Rich Roberts Reports
Dickson May Face An Unstable Ship
By Rich Roberts
Stu Argo is headed home to Michigan, which is as far away from Chris Dickson as he can get.
Argo is the first crew member to resign from the Oracle BMW Racing Team since owner Larry Ellison fired Peter Holmberg and resurrected Dickson from limbo as skipper and primary helmsman.
It's possible there will be more, since these are the same guys who made it clear eight months ago that they didn't want Dickson around. Now Ellison, who remains as the secondary helmsman, is shoving Dickson down their throats, which Argo found puzzling.
Welcome to Happy Camp.
Argo, a sail trimmer in two previous America's Cups, has sailed
A YachtRacing.com source said, "Stu and Chris never did get along. Stu was very professional. He said thanks but it won't work, best wishes."
Dickson didn't attend the skippers' press conference after the day's racing but Ellison was asked, "Do you believe that you’ve engendered teamwork by introducing as your helmsman a man who is so evidently unpopular with the rest of the team?"
Ellison bristled in response: "Evidently unpopular to who? I don’t accept your statement that he’s evidently unpopular. There was very broad support for Chris."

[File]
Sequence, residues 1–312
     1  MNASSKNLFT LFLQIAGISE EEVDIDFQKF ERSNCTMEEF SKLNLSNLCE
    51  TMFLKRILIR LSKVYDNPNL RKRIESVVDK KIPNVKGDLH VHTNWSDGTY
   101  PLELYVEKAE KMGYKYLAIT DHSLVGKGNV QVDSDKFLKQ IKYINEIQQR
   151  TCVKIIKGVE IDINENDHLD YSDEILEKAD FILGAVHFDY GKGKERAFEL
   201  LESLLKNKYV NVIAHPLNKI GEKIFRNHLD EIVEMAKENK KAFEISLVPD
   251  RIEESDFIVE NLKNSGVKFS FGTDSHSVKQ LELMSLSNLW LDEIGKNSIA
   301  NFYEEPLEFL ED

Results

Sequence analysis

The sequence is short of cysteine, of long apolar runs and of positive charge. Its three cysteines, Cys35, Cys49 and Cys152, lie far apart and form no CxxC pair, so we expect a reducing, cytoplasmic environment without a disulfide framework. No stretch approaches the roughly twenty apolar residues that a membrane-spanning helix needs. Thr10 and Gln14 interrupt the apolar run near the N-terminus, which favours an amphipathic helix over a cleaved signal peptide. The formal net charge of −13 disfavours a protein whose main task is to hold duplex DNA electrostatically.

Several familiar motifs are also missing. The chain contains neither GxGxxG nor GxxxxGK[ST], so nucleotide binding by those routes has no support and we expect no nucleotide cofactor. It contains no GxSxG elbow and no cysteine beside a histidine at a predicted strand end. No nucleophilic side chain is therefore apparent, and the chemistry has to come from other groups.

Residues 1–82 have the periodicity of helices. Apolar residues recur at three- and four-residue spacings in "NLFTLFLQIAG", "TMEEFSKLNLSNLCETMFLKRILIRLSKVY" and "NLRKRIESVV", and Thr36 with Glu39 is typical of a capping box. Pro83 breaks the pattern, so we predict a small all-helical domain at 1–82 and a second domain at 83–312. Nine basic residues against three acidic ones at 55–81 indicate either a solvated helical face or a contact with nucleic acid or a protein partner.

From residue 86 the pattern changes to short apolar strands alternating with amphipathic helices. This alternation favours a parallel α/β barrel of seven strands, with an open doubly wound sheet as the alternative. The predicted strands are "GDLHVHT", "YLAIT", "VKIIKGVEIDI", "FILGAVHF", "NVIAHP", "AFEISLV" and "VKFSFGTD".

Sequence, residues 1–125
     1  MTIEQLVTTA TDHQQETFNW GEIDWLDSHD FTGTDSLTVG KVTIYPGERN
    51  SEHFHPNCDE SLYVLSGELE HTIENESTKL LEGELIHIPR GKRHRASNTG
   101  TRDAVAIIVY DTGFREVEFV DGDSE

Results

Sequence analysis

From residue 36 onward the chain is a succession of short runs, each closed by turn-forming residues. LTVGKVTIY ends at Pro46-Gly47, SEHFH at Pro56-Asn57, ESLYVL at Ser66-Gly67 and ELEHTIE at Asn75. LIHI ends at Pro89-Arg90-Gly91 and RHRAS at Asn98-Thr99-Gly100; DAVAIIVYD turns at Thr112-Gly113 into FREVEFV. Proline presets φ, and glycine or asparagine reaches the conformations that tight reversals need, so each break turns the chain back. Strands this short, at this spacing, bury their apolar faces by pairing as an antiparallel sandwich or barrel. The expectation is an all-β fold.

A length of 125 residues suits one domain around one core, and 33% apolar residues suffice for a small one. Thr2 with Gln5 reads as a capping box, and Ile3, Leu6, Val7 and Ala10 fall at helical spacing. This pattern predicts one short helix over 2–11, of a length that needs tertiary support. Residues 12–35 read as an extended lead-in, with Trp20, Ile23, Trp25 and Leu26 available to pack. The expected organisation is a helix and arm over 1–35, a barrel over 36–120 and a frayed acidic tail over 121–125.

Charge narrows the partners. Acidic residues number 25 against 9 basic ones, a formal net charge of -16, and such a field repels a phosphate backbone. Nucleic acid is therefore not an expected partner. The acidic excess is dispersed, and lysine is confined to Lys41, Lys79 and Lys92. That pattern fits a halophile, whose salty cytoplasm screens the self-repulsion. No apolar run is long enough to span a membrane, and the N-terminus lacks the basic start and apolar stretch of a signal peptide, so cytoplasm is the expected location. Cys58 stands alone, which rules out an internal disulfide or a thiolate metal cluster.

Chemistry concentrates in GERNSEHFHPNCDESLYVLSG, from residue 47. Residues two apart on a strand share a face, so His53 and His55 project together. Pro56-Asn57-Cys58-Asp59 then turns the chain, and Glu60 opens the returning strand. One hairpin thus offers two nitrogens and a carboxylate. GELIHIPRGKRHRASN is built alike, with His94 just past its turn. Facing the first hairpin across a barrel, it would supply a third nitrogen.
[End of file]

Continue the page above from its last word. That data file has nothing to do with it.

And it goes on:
Nevertheless, Argo decided to leave the day before Dickson sailed his first race. At the morning crew meeting Ellison announced that Dickson was back and in charge of the sailing program. When Dickson drove the backup boat later that day, rumors started flying.
Argo, referring to Dickson as Ellison's "ex-wife," e-mailed this report to his Bayview Yacht Club in Detroit, Mich.:
"Larry decided that we weren't putting enough points on the board and decided to marry his ex-wife for the third time. Chris Dixon [sic] was put in charge of everything yesterday morning and the snowball hit the first house.
"After Larry's decision during the morning meeting most people were wondering whether to fish or cut bait and I looked around and saw the s---was starting to float close to the top of my hip waders and decided to reach for the 747. I am a huge believer in chemistry on a team and the pill was too large to swallow, said a few words to that effect and bowed out gracefully.
Other crew members were joined by members of other teams at an impromptu sendoff party for Argo, a popular member of the international sailing community.
A report that Ellison also had sacked Bill Erkelens, the team's administrative manager, was false.
Dickson, 40, also replaces the veteran John Cutler as sailing team manager. Cutler, a close friend of Holmberg, remains a member of the afterguard but in a subtly reduced role.
Argo also wrote home: "John Cutler and Tomasso Chieffi have switched rolls onboard from the first round. Tomasso has slid into the tactical role from stategist and visa versa. Not a big change, just who says go after bouncing things off each other."
Holmberg now finds himself in the same boat as Paul Cayard, so to speak, although he could wind up back on the backup boat for tuning and testing purposes---or, Ellison suggested, even back driving the "A" boat.
Ellison said, "I expect you’ll see times where Peter is driving the boat and Chris is tactician. That may very well happen. That is not my call, it’s Chris Dickson’s call.